A transformation in which a polygon is enlarged or reduced by a given factor around a given center point.
Adjust the slider on the right to change the scale factor. Drag the center point O.
Dilation is where the polygon grows or shrinks but keeps the same overall shape. It's a little like zooming in or out on a camera.
In the figure above, the polygon is a rectangle ABCD.
As you adjust the slider on the right, the transformed rectangle A'B'C'D gets bigger and smaller, but remains the same shape.
The transformed figure is called the dilated image of the the original.
The amount by which the image grows or shrinks is called the "Scale Factor".
If the scale factor is say 2, the image is enlarged so its dimensions are twice the original.
If it is 0.5, the image is reduced, with its dimensions half the original.
When the scale factor is 1, the image is the exact same size as the original.
Experiment with the scale factor slider to gets a feel for this idea.
Remember: In dilation, multiply the dimensions of the original by the scale factor to get the dimensions of the image.
Center of dilation
In the figure above we have made it easy by placing the center of dilation O in the center of the rectangle, but it can be anywhere.
Drag the point O to the right towards the slider so it is outside the rectangle ABCD. Now adjust the scale factor and see the result.
Original and image are similar
In dilation, the image and the original are
in that they are the same shape but not necessarily the same size. They are not
because that requires them to be the same shape and the same size, which they are not (unless the scale factor happens to be 1.0).
If we pick any point P in the original figure and measure the distance OP from the center of dilation,
then the corresponding point P' in the image lies on the line OP and its distance from O is OP times the scale factor.
In the above figure, click 'reset' and 'show distances'.
Note how the distance OB is 12.
Since the scale factor is 2, the corresponding point in the image B' is twice that distance from O and lying on the same line, so OB' is 2 times 12, or 24.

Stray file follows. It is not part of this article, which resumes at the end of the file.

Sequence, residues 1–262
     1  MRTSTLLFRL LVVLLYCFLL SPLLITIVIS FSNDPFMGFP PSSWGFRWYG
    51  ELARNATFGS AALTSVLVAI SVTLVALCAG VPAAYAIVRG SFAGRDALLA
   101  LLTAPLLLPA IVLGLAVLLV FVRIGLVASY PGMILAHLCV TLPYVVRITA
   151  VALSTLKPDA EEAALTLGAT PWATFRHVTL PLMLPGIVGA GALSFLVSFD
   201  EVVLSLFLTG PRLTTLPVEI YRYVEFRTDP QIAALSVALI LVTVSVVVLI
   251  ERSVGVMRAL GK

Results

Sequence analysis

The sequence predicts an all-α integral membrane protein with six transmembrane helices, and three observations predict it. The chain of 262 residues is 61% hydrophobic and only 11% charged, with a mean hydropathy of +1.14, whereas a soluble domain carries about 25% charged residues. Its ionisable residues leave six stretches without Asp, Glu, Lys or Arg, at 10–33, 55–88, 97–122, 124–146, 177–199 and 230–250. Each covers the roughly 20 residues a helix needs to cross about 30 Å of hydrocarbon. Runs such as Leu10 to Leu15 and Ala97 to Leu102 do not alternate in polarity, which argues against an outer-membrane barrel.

Note that if the scale factor is less than 1, then the image points are closer
to the center of dilation to create an image smaller than the original.
In the figure above set a scale factor of less than 1 and click 'show distances' to see this in action.
How to construct the dilation of an object
We start with a polygon ABC and a point O defining the center of dilation. We will draw the dilation of ABC with a
scale factor of 2, meaning the image will be twice the size of the original:
Draw a ray from the center point O through one of the vertices. Any one will do. Here we choose C:
Measure the distance from O to C. Let's say this is 3 centimeters. Multiply this by the scale factor (2) to get 6cm.
Measure out from O a distance of 6cm and mark a new point:
Repeat the above two steps for the other vertices, creating a total of three points:
Join the three new points with line segments, forming the dilation of the original triangle. By convention,
the new figure is labelled A'B'C'.
Things to try
In the diagram above - click 'reset'
Move the center of dilation to the right, outside the rectangle ABCD. Adjust the scale factor and observe the result
Using the the instructions above under "How to construct the dilation of an object", repeat the process with the center of dilation outside the triangle.
Repeat the construction with a scale factor of 0.5.